One night, heading home from the office, my pedal fell off, or was that the derailleur. You can't ride very far without these things, but a bike shop loomed ahead, lucky for me, so I gathered the pieces and walked over.

Bob, working late, suggested that I leave it with him, he would work on it that night, have it for me the next day. I whined, "Then how would I get home?"

He agreed. Neither of us even considered the bus or a taxi, and Uber didn't exist. So Bob, who channels Haight-Ashbury, rewired the whole bicycle, charged me almost nothing. Now, whenever something goes wrong, he's my go-to guy. FD might be jealous, not sure.

Anyway, we're about to launch our annual anniversary trip, only a day trip, no plans to stay anywhere over night. FD has found us new bike paths north of Chicago, trails we've never seen before. Aside from the nuclear reactor a few yards away, and the black sand on the beach, it looks really great. But my bike gears don't work and FD is really busy. I am, too. Things are getting tense, as tense as if we were off to another country and hadn't packed.

My only hope, Bob. So I stop in after work, but he's not there. Two other guys are lolling around the shop (this place is like a barbershop, honestly). One takes my bike for a spin, comes back and pronounces, "It's frozen. The gears,or whatever, frozen. No clicks at all."

This I knew.

"So fix it, no?"

"You can't fix that."

"Bob has done it many times. Maybe I need a new whatchamacallit.  Can you do that, replace it?"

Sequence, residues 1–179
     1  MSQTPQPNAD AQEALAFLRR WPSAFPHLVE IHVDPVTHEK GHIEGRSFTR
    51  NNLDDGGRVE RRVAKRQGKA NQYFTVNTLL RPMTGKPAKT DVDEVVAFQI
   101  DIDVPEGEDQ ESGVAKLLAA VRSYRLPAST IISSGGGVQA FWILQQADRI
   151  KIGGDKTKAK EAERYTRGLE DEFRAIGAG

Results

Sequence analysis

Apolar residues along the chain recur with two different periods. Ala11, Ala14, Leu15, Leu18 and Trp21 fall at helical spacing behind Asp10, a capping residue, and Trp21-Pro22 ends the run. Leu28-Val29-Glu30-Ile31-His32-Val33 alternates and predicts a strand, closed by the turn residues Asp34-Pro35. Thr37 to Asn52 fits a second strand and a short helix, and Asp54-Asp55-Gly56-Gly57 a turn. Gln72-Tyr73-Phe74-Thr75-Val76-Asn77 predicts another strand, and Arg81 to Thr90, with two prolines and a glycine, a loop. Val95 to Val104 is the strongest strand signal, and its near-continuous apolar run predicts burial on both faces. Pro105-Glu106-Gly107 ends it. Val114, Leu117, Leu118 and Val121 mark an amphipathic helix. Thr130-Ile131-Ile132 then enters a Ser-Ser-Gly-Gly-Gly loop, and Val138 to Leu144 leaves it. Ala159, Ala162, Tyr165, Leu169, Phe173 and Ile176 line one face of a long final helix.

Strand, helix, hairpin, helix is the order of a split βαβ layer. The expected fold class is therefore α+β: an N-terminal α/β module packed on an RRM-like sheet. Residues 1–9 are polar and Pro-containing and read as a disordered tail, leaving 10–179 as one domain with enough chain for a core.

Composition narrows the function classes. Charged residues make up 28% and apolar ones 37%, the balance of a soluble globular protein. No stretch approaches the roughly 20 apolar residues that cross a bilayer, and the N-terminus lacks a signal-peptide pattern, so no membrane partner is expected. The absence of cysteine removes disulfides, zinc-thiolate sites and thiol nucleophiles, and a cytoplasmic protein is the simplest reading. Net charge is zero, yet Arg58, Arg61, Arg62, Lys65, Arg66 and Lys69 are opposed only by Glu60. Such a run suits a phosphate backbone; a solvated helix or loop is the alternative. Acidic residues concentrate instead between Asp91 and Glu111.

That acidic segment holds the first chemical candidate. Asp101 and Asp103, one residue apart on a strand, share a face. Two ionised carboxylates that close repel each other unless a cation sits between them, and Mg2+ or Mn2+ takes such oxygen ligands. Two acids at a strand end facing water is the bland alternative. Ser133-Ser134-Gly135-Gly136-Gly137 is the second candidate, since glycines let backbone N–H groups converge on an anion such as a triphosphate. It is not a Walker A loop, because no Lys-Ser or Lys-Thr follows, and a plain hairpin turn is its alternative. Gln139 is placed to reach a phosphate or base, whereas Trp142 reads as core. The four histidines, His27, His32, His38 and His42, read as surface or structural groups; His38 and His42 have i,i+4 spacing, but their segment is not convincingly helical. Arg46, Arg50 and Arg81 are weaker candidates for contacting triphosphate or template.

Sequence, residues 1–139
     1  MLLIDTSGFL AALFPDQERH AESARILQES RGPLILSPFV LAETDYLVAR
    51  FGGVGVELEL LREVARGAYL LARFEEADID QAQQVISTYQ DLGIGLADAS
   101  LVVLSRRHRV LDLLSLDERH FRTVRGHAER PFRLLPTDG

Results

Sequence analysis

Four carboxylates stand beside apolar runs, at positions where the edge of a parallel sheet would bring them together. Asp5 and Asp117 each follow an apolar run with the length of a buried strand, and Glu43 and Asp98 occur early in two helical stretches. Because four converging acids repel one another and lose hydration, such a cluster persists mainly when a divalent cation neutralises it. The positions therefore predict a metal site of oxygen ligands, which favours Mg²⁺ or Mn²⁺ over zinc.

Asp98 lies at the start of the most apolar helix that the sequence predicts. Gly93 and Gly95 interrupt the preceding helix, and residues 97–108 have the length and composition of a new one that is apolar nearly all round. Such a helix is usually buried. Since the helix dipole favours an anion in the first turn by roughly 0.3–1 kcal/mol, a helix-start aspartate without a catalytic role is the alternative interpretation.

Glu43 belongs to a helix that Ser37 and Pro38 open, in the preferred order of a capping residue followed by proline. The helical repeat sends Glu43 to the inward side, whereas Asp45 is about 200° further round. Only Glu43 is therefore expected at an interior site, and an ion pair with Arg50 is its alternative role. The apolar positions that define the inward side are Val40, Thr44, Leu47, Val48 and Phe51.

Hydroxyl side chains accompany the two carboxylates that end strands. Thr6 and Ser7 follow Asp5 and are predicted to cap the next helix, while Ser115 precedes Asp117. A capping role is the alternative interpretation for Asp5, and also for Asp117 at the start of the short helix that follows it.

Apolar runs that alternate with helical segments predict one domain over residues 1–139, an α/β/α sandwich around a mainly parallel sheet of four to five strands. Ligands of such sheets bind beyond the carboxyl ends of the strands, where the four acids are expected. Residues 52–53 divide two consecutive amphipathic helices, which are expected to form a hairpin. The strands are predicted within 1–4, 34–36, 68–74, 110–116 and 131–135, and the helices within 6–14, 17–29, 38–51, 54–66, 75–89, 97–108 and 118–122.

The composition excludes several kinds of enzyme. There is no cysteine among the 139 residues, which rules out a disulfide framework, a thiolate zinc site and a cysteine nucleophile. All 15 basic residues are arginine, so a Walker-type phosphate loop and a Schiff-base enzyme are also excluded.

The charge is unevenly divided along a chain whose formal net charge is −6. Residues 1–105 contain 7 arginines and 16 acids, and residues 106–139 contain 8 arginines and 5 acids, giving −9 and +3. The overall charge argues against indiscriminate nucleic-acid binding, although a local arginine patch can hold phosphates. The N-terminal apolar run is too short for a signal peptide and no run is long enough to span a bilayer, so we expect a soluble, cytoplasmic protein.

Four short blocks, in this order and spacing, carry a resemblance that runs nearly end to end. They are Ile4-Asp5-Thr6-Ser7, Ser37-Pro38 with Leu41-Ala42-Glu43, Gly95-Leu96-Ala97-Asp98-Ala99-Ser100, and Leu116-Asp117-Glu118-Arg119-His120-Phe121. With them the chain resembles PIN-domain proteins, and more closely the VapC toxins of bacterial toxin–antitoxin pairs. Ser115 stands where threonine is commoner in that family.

No, that's an old bike, and finding the whatchamacallit will take time. It so happens that this bike shop is a museum of bikes, and Bob can do this in five minutes, either repair it or replace the shifter. He would have known which bike to pirate it from.

"Where's Bob? Can't you call him?" I ask desperately. "I know he'll come in for me. He made me a bike once (He did). He knows this bike."

Oh, Bob doesn't have a phone. "You can leave the bike if you want. Maybe he'll be in later. Maybe not."

"Thanks anyway."

The bike gets me home with two working gears, but riding 10 miles the next day is going to be a drag.

In the morning FD is fiddling with his bicycle. He will get to mine, surely, but I take out a screwdriver and a wrench, pry open the clicker. I pull on a cable, tighten a bolt, squirt in a little WD-40, then climb on to try it out. It works! (A reader tells me that Finish Line is better for bike chains, already on order.)

You would think I have discovered a cure for cancer, maybe one for mental illness, fixing my own bike.